Pennsylvania’s K-12 schools will be permitted to resume in-person classes as early as July 1, state officials announced Wednesday, though classrooms, cafeterias and playing fields could look much different than they did before they closed in March.
Guidelines published by the Pennsylvania Department of Education suggest that schools consider serving meals to students at their desks; limiting travel for intramural sporting events; conducting routine temperature checks and relaxing attendance policies for faculty and staff to limit the transmission of COVID-19 as they reopen.
Right now, however, the guidelines are simply that — suggestions, not enforceable regulations. But Education Secretary Pedro Rivera says that they represent the best practices that the state can offer to protect students and staff from a surge of COVID-19 cases.
“We are planning for the best in terms of school opening, but we are preparing for the worst,” Rivera told reporters on a conference call Wednesday. He added, “It’s important that we provide guidance, but also flexibility for school leaders to customize their plans around their specific learners and their needs.”
The Education Department also confirmed Wednesday that schools in yellow- and green-phase counties may open for in-person instruction on July 1 – a policy that would allow schools to theoretically begin the 2020-2021 school year early if they want to pilot new programs with students or make up for lost instruction time from the spring.
Schools in red-phase counties, which currently include Philadelphia and most of its suburbs, can’t reopen their doors until stay-at-home orders are lifted.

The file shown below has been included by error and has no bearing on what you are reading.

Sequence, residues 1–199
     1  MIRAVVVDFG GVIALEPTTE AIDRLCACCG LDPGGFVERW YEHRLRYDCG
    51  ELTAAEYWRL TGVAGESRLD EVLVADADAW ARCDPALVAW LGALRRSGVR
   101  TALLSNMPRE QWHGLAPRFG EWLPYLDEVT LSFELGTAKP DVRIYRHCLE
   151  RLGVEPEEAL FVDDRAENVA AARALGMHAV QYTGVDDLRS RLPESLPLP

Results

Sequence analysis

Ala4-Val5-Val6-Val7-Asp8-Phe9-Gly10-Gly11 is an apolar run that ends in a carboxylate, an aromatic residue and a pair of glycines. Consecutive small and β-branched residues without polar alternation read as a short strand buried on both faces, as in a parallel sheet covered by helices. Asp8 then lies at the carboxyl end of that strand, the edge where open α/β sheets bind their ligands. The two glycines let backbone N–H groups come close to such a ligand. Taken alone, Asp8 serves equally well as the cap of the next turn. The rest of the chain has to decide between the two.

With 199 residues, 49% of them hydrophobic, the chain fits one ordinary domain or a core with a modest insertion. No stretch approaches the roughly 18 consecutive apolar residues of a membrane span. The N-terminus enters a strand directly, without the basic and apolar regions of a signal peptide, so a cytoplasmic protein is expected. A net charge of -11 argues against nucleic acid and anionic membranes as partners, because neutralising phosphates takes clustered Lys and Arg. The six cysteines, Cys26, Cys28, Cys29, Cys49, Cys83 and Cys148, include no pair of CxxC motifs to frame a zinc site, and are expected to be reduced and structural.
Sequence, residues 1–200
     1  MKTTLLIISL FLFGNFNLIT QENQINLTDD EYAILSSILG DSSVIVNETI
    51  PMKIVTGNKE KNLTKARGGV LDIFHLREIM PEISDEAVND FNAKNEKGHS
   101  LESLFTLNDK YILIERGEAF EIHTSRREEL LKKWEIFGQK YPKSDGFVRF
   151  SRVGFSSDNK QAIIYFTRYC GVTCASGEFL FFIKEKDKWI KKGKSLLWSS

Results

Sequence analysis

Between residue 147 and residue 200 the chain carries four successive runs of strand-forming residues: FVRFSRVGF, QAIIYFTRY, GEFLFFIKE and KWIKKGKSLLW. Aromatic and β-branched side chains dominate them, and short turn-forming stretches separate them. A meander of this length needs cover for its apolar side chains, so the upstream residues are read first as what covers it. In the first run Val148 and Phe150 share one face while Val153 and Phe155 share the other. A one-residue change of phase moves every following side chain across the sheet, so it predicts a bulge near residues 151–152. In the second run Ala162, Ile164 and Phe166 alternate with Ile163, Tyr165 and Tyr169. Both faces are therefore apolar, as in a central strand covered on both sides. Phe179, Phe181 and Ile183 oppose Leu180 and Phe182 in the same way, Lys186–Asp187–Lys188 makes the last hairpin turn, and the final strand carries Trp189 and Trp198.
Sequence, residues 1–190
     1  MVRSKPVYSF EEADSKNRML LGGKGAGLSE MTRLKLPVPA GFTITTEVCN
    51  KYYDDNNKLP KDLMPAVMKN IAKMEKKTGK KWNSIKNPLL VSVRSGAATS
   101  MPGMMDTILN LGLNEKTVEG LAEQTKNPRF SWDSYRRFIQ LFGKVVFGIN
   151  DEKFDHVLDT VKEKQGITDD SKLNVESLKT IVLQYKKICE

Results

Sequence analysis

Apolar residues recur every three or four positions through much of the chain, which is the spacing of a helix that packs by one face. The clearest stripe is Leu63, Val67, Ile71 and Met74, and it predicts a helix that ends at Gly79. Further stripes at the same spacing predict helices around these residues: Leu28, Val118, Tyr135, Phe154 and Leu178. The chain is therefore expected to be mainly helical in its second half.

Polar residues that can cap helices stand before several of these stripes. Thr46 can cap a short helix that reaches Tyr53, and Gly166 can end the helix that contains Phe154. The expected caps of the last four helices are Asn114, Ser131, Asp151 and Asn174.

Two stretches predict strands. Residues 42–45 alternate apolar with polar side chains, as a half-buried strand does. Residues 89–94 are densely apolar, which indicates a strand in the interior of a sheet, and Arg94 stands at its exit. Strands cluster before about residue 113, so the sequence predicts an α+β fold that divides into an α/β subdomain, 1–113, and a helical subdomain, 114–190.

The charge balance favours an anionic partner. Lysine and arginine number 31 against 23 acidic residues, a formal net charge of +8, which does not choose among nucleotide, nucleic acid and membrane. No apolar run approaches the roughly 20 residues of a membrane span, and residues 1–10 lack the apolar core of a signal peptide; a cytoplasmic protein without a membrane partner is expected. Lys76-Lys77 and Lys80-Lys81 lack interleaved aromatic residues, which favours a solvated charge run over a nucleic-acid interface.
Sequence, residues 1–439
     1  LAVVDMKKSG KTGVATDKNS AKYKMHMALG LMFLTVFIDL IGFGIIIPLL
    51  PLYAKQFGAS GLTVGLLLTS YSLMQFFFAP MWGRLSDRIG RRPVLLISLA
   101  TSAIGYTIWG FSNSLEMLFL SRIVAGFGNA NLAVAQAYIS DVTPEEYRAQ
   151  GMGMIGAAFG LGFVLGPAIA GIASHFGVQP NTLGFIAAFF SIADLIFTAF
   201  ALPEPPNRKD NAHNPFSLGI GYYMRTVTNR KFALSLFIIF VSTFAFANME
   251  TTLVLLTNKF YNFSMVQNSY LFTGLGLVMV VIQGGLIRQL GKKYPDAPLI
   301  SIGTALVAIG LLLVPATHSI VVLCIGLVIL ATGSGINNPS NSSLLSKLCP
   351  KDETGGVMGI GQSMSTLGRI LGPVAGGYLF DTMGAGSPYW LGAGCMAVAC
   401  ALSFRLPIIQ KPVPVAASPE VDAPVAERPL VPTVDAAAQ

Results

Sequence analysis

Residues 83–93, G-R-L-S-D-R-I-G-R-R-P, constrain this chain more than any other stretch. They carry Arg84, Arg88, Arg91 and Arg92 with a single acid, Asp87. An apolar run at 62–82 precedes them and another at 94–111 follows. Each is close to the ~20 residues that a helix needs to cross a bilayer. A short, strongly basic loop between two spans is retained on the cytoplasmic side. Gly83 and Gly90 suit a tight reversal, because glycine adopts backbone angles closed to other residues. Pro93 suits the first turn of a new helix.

Gov. Tom Wolf said those counties will be moved to the yellow phase on Friday, but any county in Pennsylvania could find itself under renewed restrictions if it sees a quick uptick in COVID-19 cases.
The education department did issue one firm requirement for schools Wednesday: that they adopt health and safety plans identifying the steps they’ll take to protect students and staff when classes resume.
Schools must submit those plans to the state and post them publicly on their websites. Beyond that, however, they have broad latitude to implement the suggestions that education officials outlined Wednesday.
Some of those suggestions include:
- Identifying an isolation room or area to separate anyone who exhibits COVID-19like symptoms.
- Closing off areas used by a sick person and do not use before cleaning and disinfection.
- Implementing flexible sick leave policies and practices, if feasible.
- Broadcasting regular announcements on reducing the spread of COVID-19.
- Taking steps to limit or prohibit the use of communal drinking fountains and providing safe alternatives for providing water when possible.
- Creating staggered schedules to limit the number of individuals in classrooms and other spaces. (CDC recommends no more than 25 individuals including staff).
- Establishing distances (CDC recommends 6 feet) between student desks/seating and other social distancing practices to the maximum extent feasible and appropriate.
- Limiting gatherings, events, and extracurricular activities to those that can maintain social distancing.
- Requiring enhanced surveillance and testing for any contact sports to minimize higher risk of transmission in participating athletes.
The state also recommends that schools enforce the use of masks and face shields among all adult staff.
But Pennsylvania’s guidelines don’t officially recommend masks for kids, noting that “face coverings may be challenging for students (especially younger students or students with special needs) to wear in all-day settings such as schools.”
Schools are required to provide 180 days of instruction in Pennsylvania. The state waived that requirement for schools this year, but lawmakers strengthened it last month in a piece of legislation they passed along with the state budget.
The new provision in Pennsylvania’s school code requires schools to provide a minimum of 180 days of instruction even when the state is under an emergency declaration. Rivera said Wednesday that he hopes lawmakers will still grant him the authority to waive such mandates “that may not be attainable in the COVID-19 era of education.